, Volume 93, Number 1

Manjari Chatterjee Miller and Kate Sullivan de Estrada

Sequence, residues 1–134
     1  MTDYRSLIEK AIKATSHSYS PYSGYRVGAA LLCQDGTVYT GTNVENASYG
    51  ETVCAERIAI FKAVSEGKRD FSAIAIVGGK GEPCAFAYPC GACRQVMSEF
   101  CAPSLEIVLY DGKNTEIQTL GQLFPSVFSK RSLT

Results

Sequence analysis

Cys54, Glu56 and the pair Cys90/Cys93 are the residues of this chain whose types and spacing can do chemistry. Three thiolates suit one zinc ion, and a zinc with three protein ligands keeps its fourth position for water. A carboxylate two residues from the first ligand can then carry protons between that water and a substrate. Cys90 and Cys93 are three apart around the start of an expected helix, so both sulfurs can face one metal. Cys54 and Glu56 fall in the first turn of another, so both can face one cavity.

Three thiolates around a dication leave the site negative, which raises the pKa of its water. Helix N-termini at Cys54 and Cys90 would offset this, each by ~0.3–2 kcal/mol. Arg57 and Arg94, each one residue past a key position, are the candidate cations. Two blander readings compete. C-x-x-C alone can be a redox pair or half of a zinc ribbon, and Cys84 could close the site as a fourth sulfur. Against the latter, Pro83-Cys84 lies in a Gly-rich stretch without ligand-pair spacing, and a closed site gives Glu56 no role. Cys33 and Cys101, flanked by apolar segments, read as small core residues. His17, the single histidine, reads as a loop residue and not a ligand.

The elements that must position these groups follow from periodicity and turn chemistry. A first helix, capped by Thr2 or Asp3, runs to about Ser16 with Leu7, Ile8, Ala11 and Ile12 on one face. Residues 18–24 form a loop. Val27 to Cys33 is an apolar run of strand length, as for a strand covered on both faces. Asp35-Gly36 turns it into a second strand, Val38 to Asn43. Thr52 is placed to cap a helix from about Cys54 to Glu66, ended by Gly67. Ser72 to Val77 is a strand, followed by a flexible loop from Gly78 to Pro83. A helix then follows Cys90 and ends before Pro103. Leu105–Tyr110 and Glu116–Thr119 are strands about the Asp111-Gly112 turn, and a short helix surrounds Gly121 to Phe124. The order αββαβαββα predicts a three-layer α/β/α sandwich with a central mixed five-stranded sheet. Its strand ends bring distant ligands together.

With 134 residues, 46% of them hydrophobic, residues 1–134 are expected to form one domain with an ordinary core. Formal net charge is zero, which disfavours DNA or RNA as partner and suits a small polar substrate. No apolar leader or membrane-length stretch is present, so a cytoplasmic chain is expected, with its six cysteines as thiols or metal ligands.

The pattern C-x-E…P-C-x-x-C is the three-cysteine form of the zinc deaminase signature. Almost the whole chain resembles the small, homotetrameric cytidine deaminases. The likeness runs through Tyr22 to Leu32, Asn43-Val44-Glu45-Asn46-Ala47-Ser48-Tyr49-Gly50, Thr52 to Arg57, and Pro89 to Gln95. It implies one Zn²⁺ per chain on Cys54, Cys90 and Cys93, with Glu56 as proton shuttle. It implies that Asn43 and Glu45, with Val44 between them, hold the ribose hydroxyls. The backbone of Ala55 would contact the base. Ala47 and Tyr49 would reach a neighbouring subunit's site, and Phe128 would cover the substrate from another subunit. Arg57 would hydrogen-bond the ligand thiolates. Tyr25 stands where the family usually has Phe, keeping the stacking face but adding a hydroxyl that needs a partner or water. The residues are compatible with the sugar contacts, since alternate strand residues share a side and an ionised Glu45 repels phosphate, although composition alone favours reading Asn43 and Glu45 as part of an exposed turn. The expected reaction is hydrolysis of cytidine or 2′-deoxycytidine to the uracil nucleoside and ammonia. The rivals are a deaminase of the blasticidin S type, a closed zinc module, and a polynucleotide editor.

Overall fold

In the post-Cold War era, a number of scholars have observed and encouraged greater ‘pragmatism’ in India’s foreign policy. A ‘pragmatic’ foreign policy has been understood as one that rejects India’s earlier reliance on Nehruvian ‘idealism’ or ‘moral posturing’, and instead pursues power and material interests. In the wake of his election to power, Prime Minister Narendra Modi, too, has been celebrated by scholars and the media as a pragmatic leader who will be able to dispense with earlier ideas and ideologies and bring about radical changes to Indian foreign policy. In this article, we problematize these ‘substantive’ readings of pragmatism. Instead we present an alternative, ‘procedural’ reading of foreign policy pragmatism that emphasises the selection and fusion—rather than the abandonment— of different ideas and ideological commitments in order to effect foreign policy change. By demonstrating procedural pragmatism at work in two casestudies under Modi’s leadership—the resolution of India’s territorial dispute with Bangladesh, and the establishment and public celebration of a UN-recognized International Day of Yoga—we show how Modi’s pragmatic approach to foreign policy-making is responsive to both Hindutva (Hindu nationalist ideology) and entrenched foreign policy ideas in India. Our central argument is that Modi is neither unique nor uniquely pragmatic, and like many Indian leaders before him, his pragmatism cannot simply abandon ideas and ideology, but is compelled to respond to them in response to domestic and international political logics.

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